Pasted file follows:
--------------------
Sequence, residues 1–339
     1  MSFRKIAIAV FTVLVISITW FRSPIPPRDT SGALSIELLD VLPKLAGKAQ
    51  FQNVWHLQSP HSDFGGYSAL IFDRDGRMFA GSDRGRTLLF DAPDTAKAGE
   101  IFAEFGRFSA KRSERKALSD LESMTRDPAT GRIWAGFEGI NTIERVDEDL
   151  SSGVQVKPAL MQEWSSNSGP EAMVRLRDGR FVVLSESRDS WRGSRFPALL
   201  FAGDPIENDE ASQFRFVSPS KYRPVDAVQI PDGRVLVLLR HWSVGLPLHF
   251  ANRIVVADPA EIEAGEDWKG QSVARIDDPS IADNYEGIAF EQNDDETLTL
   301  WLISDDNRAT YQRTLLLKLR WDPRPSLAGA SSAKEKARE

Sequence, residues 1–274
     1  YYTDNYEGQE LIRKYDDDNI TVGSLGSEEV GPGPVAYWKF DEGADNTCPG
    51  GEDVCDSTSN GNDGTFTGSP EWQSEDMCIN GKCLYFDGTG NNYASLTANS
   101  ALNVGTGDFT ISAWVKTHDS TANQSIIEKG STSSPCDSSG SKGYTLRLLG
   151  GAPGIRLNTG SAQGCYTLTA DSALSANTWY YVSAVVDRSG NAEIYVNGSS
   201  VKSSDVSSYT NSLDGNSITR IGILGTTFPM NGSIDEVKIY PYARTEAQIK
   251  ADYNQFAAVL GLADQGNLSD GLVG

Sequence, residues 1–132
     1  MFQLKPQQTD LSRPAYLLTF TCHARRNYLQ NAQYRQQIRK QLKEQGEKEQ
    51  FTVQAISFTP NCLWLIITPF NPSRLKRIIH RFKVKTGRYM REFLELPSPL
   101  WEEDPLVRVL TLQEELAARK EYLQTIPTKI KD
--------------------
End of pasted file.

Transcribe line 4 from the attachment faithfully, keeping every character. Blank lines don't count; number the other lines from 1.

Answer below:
   101  IFAEFGRFSA KRSERKALSD LESMTRDPAT GRIWAGFEGI NTIERVDEDL